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When an organization has huge changes on the horizon or is stuck in a rut, it helps to have an impartial voice to bring reason and a fresh perspective. Few organizations would not benefit, at one time or another, from working with a third-party facilitator to bring dedicated and passionate voices together around the table.
Unlike mediators and arbitrators, who play more of a referee's role in helping opposing sides resolve their differences, facilitators guide participants toward shared business goals.
Facilitators are objective and less concerned with the final business decision as they are with the thoroughness and effectiveness of the process that led to it. They help identify goals, look at an issue from different perspectives and come up with a solution. The best facilitators encourage focus and a sense of collaboration (and mutual respect) within a group of people working together to resolve an issue.
To hire or not to hire?
In most cases, it is a good idea to hire a facilitator, however, there are instances where a facilitator could do more harm than good. For example, if the partners in a firm have unsettled disagreements (whether financial or interpersonal), it may be important to have those issues mediated before attempting to grow the business.
Following the merger of two large wealth management firms with very different cultures and brand images, I was asked to help with internal communication about what life would be like for employees in their newly minted company. In this case, my role was to act as an adviser to the CEO. He was ultimately responsible for the smooth merger of people as well as financial assets and systems. In this case, the issue was resolved by addressing the interests and goals of both cultures.
More recently, equipment manufacturer Bauer decided to expand their footprint in the retail industry. In this type of situation a facilitator could help them assess significant pros and cons before embarking on a strategy.
When to hire a facilitator and what to look for
Each situation will be different, but the characteristics of a good facilitator will remain unchanged. Below are three situations where a facilitator will help get the job done.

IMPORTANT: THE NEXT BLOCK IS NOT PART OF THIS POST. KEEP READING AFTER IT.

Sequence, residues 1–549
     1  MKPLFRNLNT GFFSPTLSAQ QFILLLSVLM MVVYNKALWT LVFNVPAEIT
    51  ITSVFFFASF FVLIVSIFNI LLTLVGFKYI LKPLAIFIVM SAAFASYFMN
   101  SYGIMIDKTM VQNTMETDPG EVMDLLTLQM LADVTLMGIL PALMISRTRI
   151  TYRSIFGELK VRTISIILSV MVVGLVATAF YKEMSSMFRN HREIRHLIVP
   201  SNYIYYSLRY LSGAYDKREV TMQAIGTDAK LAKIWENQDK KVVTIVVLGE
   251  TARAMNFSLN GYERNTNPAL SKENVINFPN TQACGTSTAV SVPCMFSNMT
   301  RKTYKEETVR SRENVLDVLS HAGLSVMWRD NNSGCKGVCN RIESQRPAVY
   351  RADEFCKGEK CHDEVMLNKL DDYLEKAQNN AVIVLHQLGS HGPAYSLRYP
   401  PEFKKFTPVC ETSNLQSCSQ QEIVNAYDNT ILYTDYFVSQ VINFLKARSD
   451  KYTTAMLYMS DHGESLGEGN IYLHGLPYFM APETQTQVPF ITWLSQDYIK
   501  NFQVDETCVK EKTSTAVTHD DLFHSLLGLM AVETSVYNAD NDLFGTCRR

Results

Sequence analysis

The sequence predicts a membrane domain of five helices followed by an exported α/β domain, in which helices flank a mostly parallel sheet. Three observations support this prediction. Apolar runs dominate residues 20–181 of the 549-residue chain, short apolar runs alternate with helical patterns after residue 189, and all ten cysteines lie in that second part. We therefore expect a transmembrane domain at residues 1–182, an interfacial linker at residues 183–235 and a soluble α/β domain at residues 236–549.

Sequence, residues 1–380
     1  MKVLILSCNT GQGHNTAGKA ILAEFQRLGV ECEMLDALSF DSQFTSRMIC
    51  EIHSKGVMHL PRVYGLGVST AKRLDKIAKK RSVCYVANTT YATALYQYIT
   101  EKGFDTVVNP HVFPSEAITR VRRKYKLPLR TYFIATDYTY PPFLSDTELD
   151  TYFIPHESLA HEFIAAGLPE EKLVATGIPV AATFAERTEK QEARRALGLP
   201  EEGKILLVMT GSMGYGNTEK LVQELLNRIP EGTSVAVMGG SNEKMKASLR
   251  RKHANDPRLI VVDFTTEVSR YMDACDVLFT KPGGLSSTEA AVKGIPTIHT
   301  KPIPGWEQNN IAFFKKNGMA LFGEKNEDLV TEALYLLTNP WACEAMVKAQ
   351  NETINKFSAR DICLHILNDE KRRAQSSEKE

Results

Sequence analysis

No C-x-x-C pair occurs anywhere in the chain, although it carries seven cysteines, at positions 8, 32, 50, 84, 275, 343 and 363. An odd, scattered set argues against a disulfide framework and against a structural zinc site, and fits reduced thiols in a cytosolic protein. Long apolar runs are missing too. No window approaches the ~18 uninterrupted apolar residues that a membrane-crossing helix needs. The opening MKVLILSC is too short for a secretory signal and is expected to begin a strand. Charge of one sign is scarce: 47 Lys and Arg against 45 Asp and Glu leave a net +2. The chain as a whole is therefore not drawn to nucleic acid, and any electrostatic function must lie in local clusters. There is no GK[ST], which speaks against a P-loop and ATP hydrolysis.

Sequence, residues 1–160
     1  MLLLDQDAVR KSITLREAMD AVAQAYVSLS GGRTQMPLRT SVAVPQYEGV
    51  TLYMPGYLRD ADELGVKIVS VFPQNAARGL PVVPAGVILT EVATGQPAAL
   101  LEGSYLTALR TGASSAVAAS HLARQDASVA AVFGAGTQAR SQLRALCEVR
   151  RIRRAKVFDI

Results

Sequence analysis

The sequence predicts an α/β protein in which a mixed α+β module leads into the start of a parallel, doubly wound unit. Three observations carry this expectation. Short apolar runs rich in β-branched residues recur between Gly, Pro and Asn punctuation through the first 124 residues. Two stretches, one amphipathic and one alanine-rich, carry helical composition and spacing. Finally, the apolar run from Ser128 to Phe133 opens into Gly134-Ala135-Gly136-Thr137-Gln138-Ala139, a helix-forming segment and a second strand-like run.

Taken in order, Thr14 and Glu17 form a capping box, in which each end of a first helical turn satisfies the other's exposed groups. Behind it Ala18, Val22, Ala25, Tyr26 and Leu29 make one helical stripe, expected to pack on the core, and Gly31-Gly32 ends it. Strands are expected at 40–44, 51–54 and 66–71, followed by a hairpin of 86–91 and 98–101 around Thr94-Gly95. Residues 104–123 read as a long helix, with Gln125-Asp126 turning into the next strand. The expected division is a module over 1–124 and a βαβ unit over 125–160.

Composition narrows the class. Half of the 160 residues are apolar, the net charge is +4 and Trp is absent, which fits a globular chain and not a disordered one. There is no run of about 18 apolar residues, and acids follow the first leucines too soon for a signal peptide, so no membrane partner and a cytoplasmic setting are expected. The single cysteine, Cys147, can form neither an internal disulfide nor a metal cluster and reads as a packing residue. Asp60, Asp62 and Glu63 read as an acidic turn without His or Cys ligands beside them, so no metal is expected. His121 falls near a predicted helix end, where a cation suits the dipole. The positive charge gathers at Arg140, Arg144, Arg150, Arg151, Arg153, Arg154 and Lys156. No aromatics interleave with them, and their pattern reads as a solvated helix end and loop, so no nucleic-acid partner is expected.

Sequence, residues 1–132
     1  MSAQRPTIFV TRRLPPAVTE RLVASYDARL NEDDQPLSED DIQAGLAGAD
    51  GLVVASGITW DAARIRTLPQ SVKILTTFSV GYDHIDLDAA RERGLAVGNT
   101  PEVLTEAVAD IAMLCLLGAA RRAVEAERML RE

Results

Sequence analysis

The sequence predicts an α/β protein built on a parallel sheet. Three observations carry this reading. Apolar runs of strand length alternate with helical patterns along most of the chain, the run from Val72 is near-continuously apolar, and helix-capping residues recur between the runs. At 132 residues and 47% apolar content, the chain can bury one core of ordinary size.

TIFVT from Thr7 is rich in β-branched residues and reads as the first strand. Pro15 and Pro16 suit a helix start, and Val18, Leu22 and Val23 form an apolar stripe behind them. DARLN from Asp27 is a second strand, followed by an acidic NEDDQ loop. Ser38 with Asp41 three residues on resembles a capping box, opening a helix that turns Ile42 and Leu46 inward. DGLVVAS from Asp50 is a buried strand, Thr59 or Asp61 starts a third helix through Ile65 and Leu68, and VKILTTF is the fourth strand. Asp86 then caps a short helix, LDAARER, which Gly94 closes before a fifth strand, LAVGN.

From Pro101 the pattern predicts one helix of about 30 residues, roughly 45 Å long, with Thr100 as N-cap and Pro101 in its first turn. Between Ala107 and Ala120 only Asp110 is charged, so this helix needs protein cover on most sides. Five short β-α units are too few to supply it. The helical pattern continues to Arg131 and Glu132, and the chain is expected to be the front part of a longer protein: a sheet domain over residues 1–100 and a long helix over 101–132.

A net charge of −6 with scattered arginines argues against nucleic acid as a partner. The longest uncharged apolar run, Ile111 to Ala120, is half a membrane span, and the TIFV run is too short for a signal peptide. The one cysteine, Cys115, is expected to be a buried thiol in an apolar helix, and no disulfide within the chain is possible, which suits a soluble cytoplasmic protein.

Situation #1: Your business is developing a new product and wants constructive input from different teams who will drive its success while reflecting the interests and goals of their departments.
Solution: A skilled facilitator should quickly understand the overall corporate culture and take into account each department's "agenda" throughout the product development process. He or she should propose a strategic approach through a series of meetings instead of attempting to gain employee input from a single meeting.
Situation #2: Your company is "stuck" on a festering technology issue that is eating into profits. It needs to be resolved effectively by an objective assessment of different solutions.
Solution: An experienced facilitator will help the team understand the roots and implications of the issue and will apply relevant knowledge from similar past assignments in guiding the conversation to fix it. He or she will also be neutral in acknowledging all suggestions.
Situation #3: You are launching an organization-wide initiative and want to include employees in the decision-making process.
Solution: This project will involve a number of meetings with different departments to get a complete picture of what the company stands for and how it must address future challenges. You need a facilitator who creates an environment of trust to encourage participation without fear of judgment. They should understand cognitive processes for gathering information from the group.
The most important factor when considering bringing in a facilitator is fit. A good facilitator will approach your situation with relationship-building in mind. They need to be able to gain the trust of all involved, and to do so they need to understand and adapt to your organization's workplace and brand culture.